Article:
Why do I find the term "Manic Depressive" easier to accept than someone who has "Bipolar"? I have absolutely no idea.
Back in November last year, whilst during another hospital admission, I had a meeting with an employee from Fife Employment Access Trust about beginning several courses to gain confidence etc. anyway I must have been having 'one of those days' as when I glanced at the bottom of my notes that were present at the meeting - I noticed a line all in capital letters ie. DOES NOT LIKE THE WORD BIPOLAR - Oh dear one must have been having a little 'off day' tut tut.
There is still so much stigma attached to having a mental health illness; and also having been admitted to, shock horror, a psychiatric hospital. It is unreal how small-minded some people really are.
What shocked me the most was when I was first admitted to hospital some 4 years ago and my then mother-in-law and father-in-law did not come near to visit me, not once. When I questioned my then husband at the time about this, he merely replied "well, you know, they are embarassed.." Oh wonderful. Let's hope they do not get struck down with a mental illness in the future and need to be admitted to such a place. Let's see how they would feel for family to wash their hands of them as they are 'embarassed'.
Mental health illnesses do not pick and choose their 'victims', oh no they are completely unbiased; so I reckon what goes around comes around, EVENTUALLY and they will get their just deserts. This I am sure of:)
I met a very nice man, through rather unfortunate circumstances (ie. in hospital). He is 16 years older than me. Purely platonic friendship, nothing more. Of course the gossip mongering went into complete overdrive. Comments such as "she must be having an affair with him" to "why on earth is she hanging around with him, he is schizophrenic" to the usual and more common one "she must be a gold digger". Sigh. It was none of those things at all. We stopped each other from feeling lonely, hardly a crime?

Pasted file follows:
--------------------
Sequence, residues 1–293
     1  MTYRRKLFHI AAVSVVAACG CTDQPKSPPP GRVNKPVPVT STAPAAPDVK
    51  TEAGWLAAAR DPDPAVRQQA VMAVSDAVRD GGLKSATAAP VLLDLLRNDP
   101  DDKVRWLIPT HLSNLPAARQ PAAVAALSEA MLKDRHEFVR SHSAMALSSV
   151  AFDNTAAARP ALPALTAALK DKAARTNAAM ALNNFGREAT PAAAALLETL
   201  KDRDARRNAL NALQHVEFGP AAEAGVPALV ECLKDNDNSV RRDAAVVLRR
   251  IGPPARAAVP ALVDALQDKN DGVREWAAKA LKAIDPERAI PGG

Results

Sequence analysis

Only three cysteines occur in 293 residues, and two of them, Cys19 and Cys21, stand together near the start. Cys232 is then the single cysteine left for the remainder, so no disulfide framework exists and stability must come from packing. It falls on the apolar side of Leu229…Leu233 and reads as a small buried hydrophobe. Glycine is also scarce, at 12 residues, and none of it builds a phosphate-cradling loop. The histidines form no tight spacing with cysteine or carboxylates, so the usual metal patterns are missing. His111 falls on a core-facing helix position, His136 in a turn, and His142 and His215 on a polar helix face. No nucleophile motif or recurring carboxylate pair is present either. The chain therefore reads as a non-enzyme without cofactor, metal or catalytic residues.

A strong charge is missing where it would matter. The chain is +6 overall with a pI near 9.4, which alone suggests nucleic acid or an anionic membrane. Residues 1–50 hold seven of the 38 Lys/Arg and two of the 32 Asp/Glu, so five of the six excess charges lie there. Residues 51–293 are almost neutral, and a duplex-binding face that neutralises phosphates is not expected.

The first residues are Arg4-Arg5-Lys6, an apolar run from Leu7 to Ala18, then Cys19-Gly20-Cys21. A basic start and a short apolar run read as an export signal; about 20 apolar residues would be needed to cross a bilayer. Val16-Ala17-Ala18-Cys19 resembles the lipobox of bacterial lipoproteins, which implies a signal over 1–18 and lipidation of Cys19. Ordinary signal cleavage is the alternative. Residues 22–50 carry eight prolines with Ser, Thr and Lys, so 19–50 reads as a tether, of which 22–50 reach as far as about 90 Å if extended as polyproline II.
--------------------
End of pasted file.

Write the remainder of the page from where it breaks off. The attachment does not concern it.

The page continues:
To cut a long story short this man is literally on his last legs. He is terrified of doctors, perhaps part of his illness. He has a massive tumour in his stomach, which was discovered when he finally agreed to accompany me to his local doctor's surgery, under duress, I might add! He was admitted to hospital the same day and the next day signed himself out; due to the fact he was to have a CT scan and well he freaked out at this idea:(
He is now very much on borrowed time. I am waiting any day now on the dreaded phone call to confirm that he has indeed left this world and is now on the other side, if there is infact an other side. I can no longer go round and visit him as he is pretty much resembling a 'living corpse' and I want to remember him the way he was, a big, strong, strapping man. I guess death brings out all sort of emotions in you. He was a truly good friend to me in my time of need. That I shall never forget. I am so glad I stuck by him regardless of all the negative comments that were flying around constantly.
I am glad that I saw beneath the perhaps 'simple' nature of the man. I saw him for the lovely, kind, reliable and honest gentleman that he was. I wish more people out there would try and do this. If you limit yourself to only being friends with people who you think will 'look good' with you, well you are missing out big time!
"This is me - don't try and change it..."